“At first the jail said, ‘Yes,’” said Fishman.
The detainees, however, were under the control of U.S. Immigration and Customs Enforcement (ICE). Her request went to federal authorities, and ICE said no.
That meant Fishman had to scramble to come up with another solution. Solid footage is key to any movie, and Fishman, who had left a career as an architect and urban planner to pursue filmmaking, knew she had to work with what was available. To create closure to Persch and Murphy’s story, Fishman and her editor used voice-overs and still photography.
The closing and opening moments of a film usually display credits, and Fishman credited a famous gathering of men as the catalyst for nuns’ renewed passion in social justice. That gathering was comprised of Catholic leaders, and it was called Vatican II.
Out of the habit, into the streets
Known officially as the Second Vatican Council, Vatican II was an all-male conclave that brought Catholic bishops to Saint Peter’s Basilica once a year between 1962 and 1965. The objective was to consider the role of the Catholic Church in a modern world facing social, political and economic changes.
One of the outcomes of the council was that women’s congregations were encouraged to reexamine the beliefs of their founders, Fishman said. From these original sources, nuns could find inspiration for renewal.
Fishman said that many sisters took the call to heart, and nuns chose to live like the people they served. And dress like them.
“That’s what spurred them to stop wearing their habits,” Fishman said.
Vatican II also caused nuns to renew their commitments to serve poor and low-income people. From that point forward, nuns jumped feet-first into the social justice movement. “Band of Sisters” shows footage of nuns, some in habits and some without, carrying picket signs in Civil Rights protests, marching for health care or fighting for the rights of detainees.
Every five years or so, nuns choose a new issue of focus, Fishman said. Recently, sisters have begun work to end human trafficking, which is one more issue she believes puts them in the vanguard of social justice.
“If you want to find out where we’re headed, just pay attention to the nuns,” she said.
Beginning in 2009, the Vatican did just that, specifically placing U.S. nuns under investigation.
The sisters knew their actions were being investigated, but were still surprised by the assessment of their actions released last April.
That’s when the Vatican denounced the Leadership Conference of Women Religious (LCWR), which represents 80 percent of the country’s 57,000 Catholic nuns, for spending too little time promoting Catholic teachings such as the prohibition of women priests and denouncing gay and lesbian relationships. The Vatican also accused LCWR of promoting “radical feminist themes incompatible with the Catholic faith.”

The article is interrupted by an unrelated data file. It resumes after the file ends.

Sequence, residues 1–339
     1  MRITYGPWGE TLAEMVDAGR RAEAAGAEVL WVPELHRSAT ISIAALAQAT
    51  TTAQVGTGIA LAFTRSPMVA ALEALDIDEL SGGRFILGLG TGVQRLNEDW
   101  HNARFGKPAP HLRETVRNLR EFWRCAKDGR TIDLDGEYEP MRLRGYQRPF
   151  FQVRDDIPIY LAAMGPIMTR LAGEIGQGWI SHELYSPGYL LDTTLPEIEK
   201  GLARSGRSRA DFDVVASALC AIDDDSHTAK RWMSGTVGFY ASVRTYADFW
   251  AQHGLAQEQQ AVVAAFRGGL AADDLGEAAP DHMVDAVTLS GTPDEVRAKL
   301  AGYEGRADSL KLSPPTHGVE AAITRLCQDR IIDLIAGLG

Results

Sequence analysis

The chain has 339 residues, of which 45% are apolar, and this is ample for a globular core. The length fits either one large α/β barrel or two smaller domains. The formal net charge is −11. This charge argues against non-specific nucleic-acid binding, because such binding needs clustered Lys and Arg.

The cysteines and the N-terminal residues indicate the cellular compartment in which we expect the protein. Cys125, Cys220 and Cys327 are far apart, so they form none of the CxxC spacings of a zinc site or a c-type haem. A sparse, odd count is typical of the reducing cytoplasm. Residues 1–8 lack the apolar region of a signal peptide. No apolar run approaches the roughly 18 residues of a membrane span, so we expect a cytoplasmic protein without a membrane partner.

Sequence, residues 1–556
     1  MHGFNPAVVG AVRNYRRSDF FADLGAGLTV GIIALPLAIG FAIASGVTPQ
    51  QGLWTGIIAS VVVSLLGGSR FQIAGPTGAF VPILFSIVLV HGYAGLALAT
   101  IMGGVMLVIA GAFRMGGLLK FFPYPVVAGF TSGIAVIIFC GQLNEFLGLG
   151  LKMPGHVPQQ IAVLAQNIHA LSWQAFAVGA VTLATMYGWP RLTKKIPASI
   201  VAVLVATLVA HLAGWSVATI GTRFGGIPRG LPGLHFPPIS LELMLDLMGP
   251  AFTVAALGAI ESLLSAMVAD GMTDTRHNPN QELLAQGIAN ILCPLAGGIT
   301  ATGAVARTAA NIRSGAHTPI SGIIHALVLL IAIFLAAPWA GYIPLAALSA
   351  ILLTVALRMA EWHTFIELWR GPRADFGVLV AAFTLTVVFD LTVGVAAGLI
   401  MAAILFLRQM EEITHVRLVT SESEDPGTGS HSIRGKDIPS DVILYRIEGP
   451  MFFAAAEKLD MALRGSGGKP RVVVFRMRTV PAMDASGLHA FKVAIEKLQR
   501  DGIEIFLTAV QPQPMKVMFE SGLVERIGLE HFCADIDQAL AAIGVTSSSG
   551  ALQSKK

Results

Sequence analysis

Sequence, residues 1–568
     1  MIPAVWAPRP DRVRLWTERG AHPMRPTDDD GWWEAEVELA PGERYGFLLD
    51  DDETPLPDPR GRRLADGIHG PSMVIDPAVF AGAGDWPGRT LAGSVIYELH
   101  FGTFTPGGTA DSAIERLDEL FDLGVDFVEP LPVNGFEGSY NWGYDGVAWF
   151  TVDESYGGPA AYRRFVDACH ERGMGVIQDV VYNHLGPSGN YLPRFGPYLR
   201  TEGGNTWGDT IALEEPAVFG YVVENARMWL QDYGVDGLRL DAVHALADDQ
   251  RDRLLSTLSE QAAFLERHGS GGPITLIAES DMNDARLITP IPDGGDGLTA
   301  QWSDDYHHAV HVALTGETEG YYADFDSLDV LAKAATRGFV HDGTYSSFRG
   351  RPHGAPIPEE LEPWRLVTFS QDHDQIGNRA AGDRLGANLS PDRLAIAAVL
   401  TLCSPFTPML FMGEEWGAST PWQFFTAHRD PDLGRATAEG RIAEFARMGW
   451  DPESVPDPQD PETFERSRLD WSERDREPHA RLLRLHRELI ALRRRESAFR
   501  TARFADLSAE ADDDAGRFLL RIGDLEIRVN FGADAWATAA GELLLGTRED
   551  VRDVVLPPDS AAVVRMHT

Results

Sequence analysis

The accusations alarmed and upset many nuns, Sister Lillian Murphy said, but it didn’t diminish sisters’ commitment to those they serve.
“They want to be able to control us, but they can’t,” Murphy said. “We won’t let them.”
Murphy said instead of meeting the Vatican’s words with anger, LCWR has entered into dialogue with church leaders and expressed the nuns’ passion for social justice. The Vatican’s statements and the nuns’ response generated headlines last year. Last month, 60 Minutes aired a segment about the roil in the church entitled “American nuns struggle with Vatican for change.”
While this struggle is not the focus of “Band of Sisters,” it could draw viewers to the film. Fishman said when viewers, particularly younger ones, sit down in the theater, they can draw inspiration from seeing older women fighting for the rights of all people.
“When they see these 70-year-old women going out there and making a difference,” Fishman said, “it can be motivating.”
One motivating personality will be Murphy, who, playing coy, won’t reveal her actual age. “In my seventies,” she said, with a chuckle. “But I don’t feel that old.”
Age is largely a nonissue for her and other sisters, she said. The driving force for many Catholic nuns is to stay committed to social justice. Helping people acquire affordable housing, health care and pastoral rights in jail are just some of the ways sisters express their passion to a higher calling, Murphy said: “It’s truly the work of God.”